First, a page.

It’s Christmas Eve. Merry Christmas/Solstice/Hanukkah/Kwanza to all of you out there in the blogosphere. Don’t you just love the holiday season? Doesn’t it make you think of cheese? I have been thinking about cheese a great deal-yes-don’t act surprised! I’m quite chagrined that I wasn’t more in love with yesterday’s cheese, Keen’s Cheddar. It’s awful when you want to like something, but don’t. I really wanted Keen’s to be the one. Everything seemed right about it, but it wasn’t. The thing is, I’m mad about cheddar-and I’m desperate to find the cheddar-the cheddar that I shall cuddle on the couch with in years to come, the cheddar that will become my cheese BFF, the cheddar that will go for long walks with me in the forest. OK, maybe not long walks.
I have briefly touched on the 1000 year history of cheddar. It has dominated the cheese scene since the second world war virtually extinguished thousands of British cheeses. Why, though- why cheddar? It’s believed that Romans brought the first cheddar recipes from France to Britain. Cheddar was made locally and on a small-scale just like all other cheeses until the 19th century when it became the first cheese to be “modernized.” A man named Joseph Harding known as the father of Cheddar Cheese (omg, so jealous of this name) mechanized the cheese making process of cheddar including developing a “revolving breaker” for curd which was called the “Joseph Harding method”. This was the very first scientific approach to cheese making, and basically because of Harding, and its awesome taste-let’s be fair-Cheddar got the jump on all other cheese. The Harding family introduced their production methods to North America and their son took it to Australia, and so the Cheddar making technique, and cheddar itself spread across the land, like melted cheese from a spilt fondue!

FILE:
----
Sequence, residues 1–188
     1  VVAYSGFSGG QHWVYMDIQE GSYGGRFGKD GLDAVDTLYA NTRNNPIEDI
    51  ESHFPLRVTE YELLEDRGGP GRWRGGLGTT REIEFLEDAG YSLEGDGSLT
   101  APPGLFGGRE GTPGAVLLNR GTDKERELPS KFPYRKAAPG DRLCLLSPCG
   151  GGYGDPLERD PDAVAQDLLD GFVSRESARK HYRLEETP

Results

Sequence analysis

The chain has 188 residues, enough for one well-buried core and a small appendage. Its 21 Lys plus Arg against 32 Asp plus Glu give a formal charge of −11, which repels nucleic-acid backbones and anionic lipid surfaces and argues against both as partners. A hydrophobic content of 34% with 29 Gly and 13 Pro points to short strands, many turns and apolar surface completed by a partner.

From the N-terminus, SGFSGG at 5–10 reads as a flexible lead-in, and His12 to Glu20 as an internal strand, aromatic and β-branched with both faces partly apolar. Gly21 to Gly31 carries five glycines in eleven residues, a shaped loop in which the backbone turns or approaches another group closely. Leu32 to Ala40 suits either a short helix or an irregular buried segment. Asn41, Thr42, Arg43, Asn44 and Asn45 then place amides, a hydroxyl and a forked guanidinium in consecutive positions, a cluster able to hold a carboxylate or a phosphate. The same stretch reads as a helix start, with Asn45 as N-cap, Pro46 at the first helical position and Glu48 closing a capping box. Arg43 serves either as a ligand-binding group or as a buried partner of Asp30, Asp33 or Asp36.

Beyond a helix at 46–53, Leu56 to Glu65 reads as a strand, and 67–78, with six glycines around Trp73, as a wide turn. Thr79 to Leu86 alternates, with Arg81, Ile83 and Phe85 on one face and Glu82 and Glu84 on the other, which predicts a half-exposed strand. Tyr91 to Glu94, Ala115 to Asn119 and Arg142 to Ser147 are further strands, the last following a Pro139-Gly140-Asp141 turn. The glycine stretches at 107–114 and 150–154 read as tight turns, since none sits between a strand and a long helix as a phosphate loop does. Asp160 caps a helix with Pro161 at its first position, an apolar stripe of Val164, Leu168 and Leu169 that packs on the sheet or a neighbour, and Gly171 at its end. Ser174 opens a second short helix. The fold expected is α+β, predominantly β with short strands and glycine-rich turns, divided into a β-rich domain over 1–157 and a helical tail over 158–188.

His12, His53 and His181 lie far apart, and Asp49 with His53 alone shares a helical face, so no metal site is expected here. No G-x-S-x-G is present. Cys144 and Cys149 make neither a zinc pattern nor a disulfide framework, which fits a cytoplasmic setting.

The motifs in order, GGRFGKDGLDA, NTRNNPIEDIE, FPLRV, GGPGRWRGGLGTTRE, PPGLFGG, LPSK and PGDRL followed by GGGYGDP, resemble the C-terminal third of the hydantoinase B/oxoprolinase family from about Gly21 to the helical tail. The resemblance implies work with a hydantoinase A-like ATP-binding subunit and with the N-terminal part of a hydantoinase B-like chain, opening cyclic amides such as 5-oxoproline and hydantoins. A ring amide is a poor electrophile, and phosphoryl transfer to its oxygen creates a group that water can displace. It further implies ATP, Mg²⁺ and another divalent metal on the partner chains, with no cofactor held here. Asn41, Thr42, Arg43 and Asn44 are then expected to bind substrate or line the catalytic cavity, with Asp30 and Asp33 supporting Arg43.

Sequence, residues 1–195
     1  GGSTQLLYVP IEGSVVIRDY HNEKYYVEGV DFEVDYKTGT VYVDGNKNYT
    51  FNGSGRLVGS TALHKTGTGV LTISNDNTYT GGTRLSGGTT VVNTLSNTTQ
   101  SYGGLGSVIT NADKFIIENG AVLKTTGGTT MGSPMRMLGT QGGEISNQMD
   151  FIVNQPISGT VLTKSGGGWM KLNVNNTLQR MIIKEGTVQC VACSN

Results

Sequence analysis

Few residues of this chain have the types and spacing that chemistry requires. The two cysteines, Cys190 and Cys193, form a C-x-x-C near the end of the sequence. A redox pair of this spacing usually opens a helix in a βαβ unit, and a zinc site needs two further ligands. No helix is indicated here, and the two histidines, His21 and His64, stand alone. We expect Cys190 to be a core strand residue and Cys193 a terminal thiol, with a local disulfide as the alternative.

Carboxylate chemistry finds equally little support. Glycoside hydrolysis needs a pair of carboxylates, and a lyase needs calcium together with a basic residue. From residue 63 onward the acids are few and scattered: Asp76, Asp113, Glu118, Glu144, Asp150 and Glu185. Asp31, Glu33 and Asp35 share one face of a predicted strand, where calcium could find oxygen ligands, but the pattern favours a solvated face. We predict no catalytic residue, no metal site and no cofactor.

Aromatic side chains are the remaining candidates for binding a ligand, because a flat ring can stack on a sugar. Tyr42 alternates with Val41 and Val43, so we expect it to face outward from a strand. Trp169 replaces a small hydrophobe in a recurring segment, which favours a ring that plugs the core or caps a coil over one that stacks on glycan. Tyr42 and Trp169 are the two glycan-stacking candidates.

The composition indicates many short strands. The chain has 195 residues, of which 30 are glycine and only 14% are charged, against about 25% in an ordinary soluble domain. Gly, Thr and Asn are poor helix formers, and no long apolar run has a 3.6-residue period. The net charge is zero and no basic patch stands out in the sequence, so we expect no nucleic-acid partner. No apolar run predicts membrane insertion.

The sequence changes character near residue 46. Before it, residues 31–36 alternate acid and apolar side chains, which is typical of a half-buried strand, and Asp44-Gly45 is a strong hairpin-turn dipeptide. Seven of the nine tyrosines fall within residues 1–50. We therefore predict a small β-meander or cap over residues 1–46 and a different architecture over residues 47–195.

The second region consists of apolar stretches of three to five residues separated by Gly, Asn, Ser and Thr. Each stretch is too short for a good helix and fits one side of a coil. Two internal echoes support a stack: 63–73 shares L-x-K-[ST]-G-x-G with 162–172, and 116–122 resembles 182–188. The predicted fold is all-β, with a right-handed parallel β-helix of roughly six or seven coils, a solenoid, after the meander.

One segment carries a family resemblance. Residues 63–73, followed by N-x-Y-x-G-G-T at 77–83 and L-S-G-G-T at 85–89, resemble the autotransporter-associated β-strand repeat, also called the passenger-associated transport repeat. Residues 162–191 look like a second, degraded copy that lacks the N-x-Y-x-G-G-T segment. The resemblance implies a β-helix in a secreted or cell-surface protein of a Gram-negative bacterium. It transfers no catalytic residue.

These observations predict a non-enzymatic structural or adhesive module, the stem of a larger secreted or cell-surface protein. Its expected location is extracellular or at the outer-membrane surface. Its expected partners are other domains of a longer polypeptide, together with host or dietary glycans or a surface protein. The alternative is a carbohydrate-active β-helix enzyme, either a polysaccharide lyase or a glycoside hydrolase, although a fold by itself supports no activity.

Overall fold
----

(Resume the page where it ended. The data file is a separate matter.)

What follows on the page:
Cheddar is made just about everywhere. Today’s cheddar is a raw milk cow cheese from the Québécois Ile aux Grues (Goose Island.) This is a fromagerie on a small island in the St. Lawrence river-I have previously sampled and reviewed their cheese, “Riopelle.” According to their website: http://www.fromagesileauxgrues.com/cheese-house/ Ile aux Grues is a co-operative of 5 dairies working together since the 1970’s. They only use milk from their island herd of Brown Swiss cows that munch exclusively on the marsh grass of the island-the best of all grasses for cheese production!
I’m excited and a little alarmed that I see no reference to a 4 year cheddar on their website, only a mild cheddar and a two-year cheddar-yet my label clearly states “4 years.” Could it be a two-year cheddar that was overlooked for a while? Maybe it’s special! Speaking of special, isn’t eating 4-year-old cow milk special. Think about it, shouldn’t this kill me? That it doesn’t is testimony to the wonder of our friends, the cheese microbes and their ability to transform a bit of rotting milk into the preserved sublime.
My little square of mysterious 4 year Ile de Grues cheddar sits quietly on my desk. Cheddar does tend to behave itself, it ‘s firm and self-contained, uniform and smooth. The paste is pale and creamy, there is no rind. I don’t think this was a traditional cloth bound cheddar, there are no wrappings to take off. It smells very mild, no hint of rot or nastiness of any kind, it’s hard to believe it’s 4 years old!
Wow! Tangy! So intense and cheddary, it’s like distilled essence of cheddar. It’s cheddar moonshine. It’s like every cheddar you ever ate was put into a centrifuge and spun at high velocity until the cheddar flavour only remained-and then you ate that. Really, wow. It is a perfect balance of salt, tang and yum. I could wear this as cheese perfume. People would follow me like the Pied Piper of Hamlin. Oh yes..this is the one. I have been looking for you a long time, my little friend! Your texture is also sublime. Thanks to the Harding method you are so smooth and creamy. You aren’t crumbly like the Keen’s cheddar yesterday, and you don’t have the same tyrosine or calcium lactate crunch as the Keen’s. But that’s ok with me, little friend, it’s just a smooth ride the whole way from bite to swallow. This is just an amazingly piquant cheese, and I am actually drooling now after having a little nibble, salivary glands are going overtime dealing with this taste. Great job, Ile aux Grues 4 year cheddar, oh, what a friend I have in (your) cheese-us!